When toilet paper paves the way
Posted on December, 11th 2018.
The first cycle path made using recycled toilet paper has been built in Holland. This nine-kilometer cycle path connects Leeuwarden and Stiens in the north of the country.
A two-year pilot project, launched in June 2017 by CirTec and KNN Cellulose, is at the origin of the development of this novel road.
However, this is the case in Holland where the first bike path using recycled toilet paper has been built. A two-year pilot project, launched in June 2017 by CirTec and KNN Cellulose in the Geestmerambacht wastewater treatment plant near Alkmaar, is at the origin of the development of this novel road. Code name: Cellvation.
This project aims to extract cellulose fibers, a natural polymer used in toilet paper, from wastewater for reuse in new products.
Cellulose is usually incinerated at the end of the wastewater treatment process, which is a shame given the taste of the Dutch for luxury toilet paper resulting in the presence of high quality cellulose fibers in wastewater, Carlijn Lahaye, Managing Director of CirTec, told The Guardian.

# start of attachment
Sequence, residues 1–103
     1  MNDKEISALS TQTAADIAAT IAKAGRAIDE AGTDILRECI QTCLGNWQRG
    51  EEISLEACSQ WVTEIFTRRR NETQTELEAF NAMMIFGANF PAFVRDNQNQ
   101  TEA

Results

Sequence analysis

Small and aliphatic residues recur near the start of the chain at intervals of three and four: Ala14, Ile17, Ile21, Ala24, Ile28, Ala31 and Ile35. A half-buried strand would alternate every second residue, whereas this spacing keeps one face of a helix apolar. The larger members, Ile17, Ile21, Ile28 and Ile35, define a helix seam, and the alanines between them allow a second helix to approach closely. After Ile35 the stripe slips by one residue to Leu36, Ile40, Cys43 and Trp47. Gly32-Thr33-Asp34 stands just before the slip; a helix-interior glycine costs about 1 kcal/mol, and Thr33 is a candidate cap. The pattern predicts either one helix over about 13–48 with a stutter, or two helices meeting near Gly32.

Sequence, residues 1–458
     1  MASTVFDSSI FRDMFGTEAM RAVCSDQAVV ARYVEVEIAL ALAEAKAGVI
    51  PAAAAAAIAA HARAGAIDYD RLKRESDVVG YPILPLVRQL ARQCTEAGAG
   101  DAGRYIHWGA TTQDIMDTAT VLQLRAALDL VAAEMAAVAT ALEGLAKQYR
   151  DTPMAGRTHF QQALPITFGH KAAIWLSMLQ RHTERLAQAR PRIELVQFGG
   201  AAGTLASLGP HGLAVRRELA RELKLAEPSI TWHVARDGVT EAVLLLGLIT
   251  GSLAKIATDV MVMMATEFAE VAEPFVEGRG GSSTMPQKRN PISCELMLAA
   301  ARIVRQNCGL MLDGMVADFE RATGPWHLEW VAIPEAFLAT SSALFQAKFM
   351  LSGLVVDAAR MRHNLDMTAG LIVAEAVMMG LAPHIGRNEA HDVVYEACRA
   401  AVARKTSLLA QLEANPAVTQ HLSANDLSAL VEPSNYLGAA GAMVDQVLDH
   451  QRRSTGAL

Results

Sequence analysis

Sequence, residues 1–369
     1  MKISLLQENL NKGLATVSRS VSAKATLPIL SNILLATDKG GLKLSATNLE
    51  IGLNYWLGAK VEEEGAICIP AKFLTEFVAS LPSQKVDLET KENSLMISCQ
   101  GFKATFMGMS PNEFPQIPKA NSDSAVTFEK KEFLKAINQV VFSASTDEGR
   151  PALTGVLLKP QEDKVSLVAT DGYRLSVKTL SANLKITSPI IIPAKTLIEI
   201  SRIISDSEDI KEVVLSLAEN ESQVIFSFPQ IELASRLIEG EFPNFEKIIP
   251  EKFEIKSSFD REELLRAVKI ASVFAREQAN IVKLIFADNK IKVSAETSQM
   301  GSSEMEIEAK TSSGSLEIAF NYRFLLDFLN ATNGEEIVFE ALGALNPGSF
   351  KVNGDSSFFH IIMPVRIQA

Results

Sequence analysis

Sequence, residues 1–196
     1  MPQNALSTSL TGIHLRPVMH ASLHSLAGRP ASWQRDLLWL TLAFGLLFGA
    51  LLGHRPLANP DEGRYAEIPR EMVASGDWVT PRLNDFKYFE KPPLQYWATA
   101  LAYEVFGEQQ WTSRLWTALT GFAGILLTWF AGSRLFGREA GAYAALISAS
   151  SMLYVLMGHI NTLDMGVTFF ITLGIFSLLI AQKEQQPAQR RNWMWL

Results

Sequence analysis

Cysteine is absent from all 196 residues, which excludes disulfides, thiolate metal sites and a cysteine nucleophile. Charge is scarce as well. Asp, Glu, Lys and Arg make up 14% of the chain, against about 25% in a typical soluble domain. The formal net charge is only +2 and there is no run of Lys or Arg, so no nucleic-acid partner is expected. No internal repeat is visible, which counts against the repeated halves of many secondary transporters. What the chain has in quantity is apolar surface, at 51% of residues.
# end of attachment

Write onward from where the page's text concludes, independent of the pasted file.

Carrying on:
Cellulose is recovered using a solid/liquid separation filter system. It is then cleaned, sterilized at a very high temperature, dried, and then transformed into a grey cottony material or pellets.
This raw material can therefore be sold as a secondary raw material and can be used in a number of products, such as asphalt or other building material, including insulation. Part of the cellulose produced daily at Geestmerambacht (400 kg per day) is also exported to the UK, where Brunel University is working on converting it into biocomposites.
Circular urban wastewater management
The Cellvation project is part of a broader Europe-wide initiative called SMART-Plant intended to promote circular urban wastewater management.
The recovery of the cellulose contained in used toilet paper as a secondary material also reduces the quantity of sewage sludge and saves energy and money.
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